:Individuals with post-traumatic stress disorder (PTSD) evidence increased rates of metabolic syndrome (MetS), and both PTSD and MetS are associated with alterations in hypothalamic-pituitary-adrenal (HPA) axis function. Few investigations have examined the possible role of HPA-axis dysfunction in the co-occurrence of PTSD and MetS. In a case-control study, we aimed to determine whether hair cortisol concentrations (HCC) were associated with (i) PTSD caseness and severity and (ii) PTSD and MetS co-occurrence. We used the Clinician-Administered PTSD Scale for DSM-5 (CAPS-5) to determine PTSD diagnoses and severity scores in 216 females of mixed ancestry aged between 20 and 79 years (M = 43.8, SD =13.3). Hair samples, representing a three-month retrospective window of cortisol levels, were obtained and analyzed utilizing liquid chromatography-tandem mass spectrometry. We constructed multivariate linear regression models to evaluate whether PTSD diagnosis, PTSD severity, and MetS comorbidity were associated with HCC, controlling for potential confounders. HCC were significantly higher (adj β = 0.154, p = .033; Cohen's d = 0.44) in PTSD patients (n = 110) than trauma-exposed controls (n = 106) and CAPS severity scores (adj β = 0.207, p = .005) were significantly associated with HCC. MetS was not associated with HCC and there were no significant interactions between PTSD and MetS on HCC. This study provides evidence of a chronically dysregulated neuroendocrine mediated stress response in PTSD, with a clear dose-response relationship. HCC do not, however, appear to have specificity for the comorbidity of PTSD and MetS in this sample.LAY SUMMARYWe found that levels of the stress hormone, cortisol, measured in hair samples were significantly higher in South African women with post-traumatic stress disorder (PTSD) than in women who had also experienced trauma but did not have PTSD. Hair cortisol levels were, however, not associated with metabolic syndrome, a cluster of risk factors for heart disease, in the women studied. We thus show that South African women with PTSD have elevated long-term stress hormone levels and that this effect is related to PTSD and not solely due to trauma exposure.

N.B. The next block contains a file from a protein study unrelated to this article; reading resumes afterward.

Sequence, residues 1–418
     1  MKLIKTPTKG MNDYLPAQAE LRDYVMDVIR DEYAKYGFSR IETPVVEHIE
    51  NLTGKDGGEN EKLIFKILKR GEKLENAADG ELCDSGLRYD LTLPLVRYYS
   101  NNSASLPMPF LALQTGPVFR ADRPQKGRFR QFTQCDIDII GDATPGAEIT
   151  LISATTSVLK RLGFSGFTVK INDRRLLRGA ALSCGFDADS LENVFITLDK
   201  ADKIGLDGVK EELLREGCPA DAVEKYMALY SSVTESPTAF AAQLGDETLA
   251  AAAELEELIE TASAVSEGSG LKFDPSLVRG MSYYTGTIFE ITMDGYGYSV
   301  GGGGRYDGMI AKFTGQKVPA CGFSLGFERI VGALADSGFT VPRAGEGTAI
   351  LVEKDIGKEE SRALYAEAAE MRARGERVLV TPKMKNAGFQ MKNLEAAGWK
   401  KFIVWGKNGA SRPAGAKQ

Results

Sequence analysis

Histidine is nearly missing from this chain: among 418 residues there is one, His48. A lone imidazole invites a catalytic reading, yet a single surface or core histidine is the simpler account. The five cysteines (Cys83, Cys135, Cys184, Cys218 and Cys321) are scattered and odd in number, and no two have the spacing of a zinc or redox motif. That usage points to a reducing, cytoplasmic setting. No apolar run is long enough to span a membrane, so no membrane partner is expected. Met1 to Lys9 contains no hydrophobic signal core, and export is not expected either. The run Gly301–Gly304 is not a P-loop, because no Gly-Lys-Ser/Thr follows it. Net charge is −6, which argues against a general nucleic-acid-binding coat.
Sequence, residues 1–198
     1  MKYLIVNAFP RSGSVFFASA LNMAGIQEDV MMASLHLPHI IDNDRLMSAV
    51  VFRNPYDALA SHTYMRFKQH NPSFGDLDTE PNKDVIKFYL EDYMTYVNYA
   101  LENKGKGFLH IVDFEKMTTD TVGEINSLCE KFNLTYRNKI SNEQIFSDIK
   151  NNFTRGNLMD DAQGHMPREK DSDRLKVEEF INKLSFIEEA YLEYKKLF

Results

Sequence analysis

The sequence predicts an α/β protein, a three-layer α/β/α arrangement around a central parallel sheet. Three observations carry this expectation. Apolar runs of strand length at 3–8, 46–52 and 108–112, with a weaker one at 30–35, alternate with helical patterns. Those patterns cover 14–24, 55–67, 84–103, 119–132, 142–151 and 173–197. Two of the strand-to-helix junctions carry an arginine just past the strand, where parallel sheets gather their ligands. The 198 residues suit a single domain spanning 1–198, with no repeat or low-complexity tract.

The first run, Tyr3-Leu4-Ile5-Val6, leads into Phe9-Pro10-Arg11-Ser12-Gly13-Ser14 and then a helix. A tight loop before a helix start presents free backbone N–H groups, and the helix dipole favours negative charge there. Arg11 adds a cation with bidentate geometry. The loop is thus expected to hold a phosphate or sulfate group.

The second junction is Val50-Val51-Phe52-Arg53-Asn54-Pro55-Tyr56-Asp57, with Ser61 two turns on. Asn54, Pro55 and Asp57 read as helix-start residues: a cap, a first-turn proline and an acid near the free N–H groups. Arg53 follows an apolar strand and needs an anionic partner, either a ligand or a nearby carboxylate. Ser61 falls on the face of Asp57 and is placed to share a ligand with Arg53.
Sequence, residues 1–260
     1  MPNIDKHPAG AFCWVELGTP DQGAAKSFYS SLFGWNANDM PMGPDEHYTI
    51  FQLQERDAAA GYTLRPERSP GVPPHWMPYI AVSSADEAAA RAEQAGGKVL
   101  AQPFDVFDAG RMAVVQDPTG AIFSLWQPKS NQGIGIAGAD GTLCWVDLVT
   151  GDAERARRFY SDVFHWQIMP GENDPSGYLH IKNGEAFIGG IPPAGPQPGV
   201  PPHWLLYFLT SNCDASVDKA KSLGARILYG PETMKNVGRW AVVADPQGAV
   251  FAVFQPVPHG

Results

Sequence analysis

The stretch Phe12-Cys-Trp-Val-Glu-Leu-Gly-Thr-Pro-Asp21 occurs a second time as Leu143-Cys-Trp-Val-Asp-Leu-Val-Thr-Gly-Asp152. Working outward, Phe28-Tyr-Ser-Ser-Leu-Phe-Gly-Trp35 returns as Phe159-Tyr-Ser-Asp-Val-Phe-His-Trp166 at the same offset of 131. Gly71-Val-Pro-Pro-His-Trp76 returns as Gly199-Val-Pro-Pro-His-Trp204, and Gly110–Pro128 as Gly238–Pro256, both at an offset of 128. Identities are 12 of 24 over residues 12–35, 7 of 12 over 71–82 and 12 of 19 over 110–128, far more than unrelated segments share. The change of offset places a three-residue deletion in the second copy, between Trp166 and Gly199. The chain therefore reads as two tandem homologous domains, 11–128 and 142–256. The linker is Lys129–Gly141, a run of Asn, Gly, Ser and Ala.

The journal Stress aims to provide scientists involved in basic stress research with the possibility of reading a more integrated view of the field. Peer reviewed papers, invited reviews and short communications will deal with interdisciplinary aspects of stress in terms of: the mechanisms of stressful stimulation, including within and between individuals; the physiological and behavioural responses to stress, and their regulation, in both the short and long term; adaptive mechanisms, coping strategies and the pathological consequences of stress. Stress will publish the latest developments in physiology, neurobiology, molecular biology, genetics research, immunology, and behavioural studies as they impact on the understanding of stress and its adverse consequences and their amelioration. Specific approaches may include transgenic animals, developmental/programming studies, electrophysiology, histochemistry, neurochemistry, neuropharmacology, neuroanatomy, endocrinology, autonomic physiology, immunology, chronic pain, ethological and other behavioural studies and clinical measures.
BEHAVIORAL SCIENCES(行为科学) 3区
ENDOCRINOLOGY & METABOLISM(内分泌学和新陈代谢) 3区